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Christina Simko is a cultural and historical sociologist with particular interests in political culture, collective memory, and social theory. She completed her Ph.D. in sociology at the University of Virginia in May 2013.
Her current book project—tentatively titled The Politics of Consolation: Mourning, Memory, and the Meaning of September 11—is an historical and sociological account of American political consolation. Delving into the political speechmaking that has accompanied national crises from the American founding to the present, the project identifies symbolic and existential tasks at the heart of political life. Following events such as Pearl Harbor, the Challenger explosion, and the Oklahoma City bombing, Americans have continually looked to political leaders to provide orientation and solace—to reflect on the meaning of suffering and the place of evil in the world. The wide-ranging historical narrative begins with the American Revolution and culminates with the 2013 Boston marathon bombing. At the heart of the study, however, is an in-depth analysis of the rhetorical and commemorative response to September 11 that carefully documents the interplay between past and present, considering the particular challenges of political consolation our own polarized age.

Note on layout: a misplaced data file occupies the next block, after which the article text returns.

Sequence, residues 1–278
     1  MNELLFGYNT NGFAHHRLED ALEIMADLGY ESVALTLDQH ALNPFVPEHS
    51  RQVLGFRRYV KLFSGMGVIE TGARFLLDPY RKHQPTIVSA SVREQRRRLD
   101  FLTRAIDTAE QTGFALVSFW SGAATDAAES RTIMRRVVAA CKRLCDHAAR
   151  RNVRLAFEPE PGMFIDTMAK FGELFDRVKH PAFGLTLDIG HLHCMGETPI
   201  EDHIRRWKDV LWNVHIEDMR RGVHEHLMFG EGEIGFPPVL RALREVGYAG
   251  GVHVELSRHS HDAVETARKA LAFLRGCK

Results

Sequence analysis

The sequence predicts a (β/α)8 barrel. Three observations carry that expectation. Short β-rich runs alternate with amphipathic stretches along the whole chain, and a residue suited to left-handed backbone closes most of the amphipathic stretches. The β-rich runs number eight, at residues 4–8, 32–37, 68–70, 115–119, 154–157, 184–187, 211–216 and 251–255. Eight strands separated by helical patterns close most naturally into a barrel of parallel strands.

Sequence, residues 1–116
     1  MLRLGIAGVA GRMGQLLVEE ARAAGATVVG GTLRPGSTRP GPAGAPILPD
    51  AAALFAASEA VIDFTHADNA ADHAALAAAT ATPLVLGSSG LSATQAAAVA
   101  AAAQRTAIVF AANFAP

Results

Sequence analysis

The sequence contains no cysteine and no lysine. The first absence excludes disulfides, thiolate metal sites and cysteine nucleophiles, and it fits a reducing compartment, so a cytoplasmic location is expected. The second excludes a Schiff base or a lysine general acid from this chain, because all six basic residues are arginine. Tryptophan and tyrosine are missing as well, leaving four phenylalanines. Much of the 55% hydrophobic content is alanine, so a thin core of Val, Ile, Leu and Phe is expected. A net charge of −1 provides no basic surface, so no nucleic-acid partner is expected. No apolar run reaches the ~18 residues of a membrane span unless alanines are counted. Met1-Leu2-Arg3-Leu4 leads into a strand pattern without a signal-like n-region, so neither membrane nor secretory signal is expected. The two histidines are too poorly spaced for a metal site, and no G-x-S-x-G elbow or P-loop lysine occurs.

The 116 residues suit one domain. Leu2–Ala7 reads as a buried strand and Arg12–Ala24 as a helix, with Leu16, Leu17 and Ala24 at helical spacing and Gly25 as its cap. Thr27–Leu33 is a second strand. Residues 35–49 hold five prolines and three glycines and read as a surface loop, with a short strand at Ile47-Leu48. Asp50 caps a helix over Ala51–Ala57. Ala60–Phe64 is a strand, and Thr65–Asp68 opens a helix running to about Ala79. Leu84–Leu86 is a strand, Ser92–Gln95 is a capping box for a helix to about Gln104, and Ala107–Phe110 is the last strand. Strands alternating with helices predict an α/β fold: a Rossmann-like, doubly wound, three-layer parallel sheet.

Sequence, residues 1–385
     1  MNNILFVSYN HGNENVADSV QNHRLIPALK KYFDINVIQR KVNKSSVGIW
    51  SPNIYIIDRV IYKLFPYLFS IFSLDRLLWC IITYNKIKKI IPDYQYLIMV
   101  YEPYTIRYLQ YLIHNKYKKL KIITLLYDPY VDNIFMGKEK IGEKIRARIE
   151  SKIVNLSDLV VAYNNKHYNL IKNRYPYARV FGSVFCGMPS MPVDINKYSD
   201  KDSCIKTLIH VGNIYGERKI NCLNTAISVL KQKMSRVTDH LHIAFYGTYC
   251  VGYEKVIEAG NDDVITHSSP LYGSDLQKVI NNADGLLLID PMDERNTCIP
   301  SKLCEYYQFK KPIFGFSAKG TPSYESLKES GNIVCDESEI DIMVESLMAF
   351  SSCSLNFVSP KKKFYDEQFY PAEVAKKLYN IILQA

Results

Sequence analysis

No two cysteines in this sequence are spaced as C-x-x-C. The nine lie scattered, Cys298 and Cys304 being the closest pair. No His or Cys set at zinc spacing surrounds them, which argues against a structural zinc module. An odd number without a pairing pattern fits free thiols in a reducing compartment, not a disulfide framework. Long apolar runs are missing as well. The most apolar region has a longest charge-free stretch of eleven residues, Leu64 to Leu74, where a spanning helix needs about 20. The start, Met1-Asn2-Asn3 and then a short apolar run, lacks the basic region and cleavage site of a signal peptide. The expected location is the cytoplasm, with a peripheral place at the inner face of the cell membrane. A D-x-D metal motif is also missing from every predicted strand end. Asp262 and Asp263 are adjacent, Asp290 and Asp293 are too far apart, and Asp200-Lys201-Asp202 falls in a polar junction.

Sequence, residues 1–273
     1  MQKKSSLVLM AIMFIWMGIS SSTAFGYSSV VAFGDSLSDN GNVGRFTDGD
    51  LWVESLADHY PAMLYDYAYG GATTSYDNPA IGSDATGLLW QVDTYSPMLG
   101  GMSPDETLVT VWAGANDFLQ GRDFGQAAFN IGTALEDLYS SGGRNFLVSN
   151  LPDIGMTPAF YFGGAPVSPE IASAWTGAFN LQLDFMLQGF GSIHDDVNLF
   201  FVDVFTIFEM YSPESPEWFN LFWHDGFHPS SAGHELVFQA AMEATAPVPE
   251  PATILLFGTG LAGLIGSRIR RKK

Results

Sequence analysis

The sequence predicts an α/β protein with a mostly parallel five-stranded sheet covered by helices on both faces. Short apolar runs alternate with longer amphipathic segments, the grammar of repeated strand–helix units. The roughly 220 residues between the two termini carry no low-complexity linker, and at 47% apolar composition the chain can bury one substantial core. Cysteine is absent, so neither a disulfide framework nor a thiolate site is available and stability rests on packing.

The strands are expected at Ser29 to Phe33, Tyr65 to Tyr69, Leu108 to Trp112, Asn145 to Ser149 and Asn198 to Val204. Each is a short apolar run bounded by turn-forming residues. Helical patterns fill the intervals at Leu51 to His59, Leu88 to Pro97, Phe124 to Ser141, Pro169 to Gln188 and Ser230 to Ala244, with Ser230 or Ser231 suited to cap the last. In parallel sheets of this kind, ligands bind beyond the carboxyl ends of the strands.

Christina’s article, “Rhetorics of Suffering: September 11 Commemorations as Theodicy,” recently appeared in the American Sociological Review. This article was also awarded the 2012 Suzanne Langer Prize from the American Sociological Association’s Culture Section.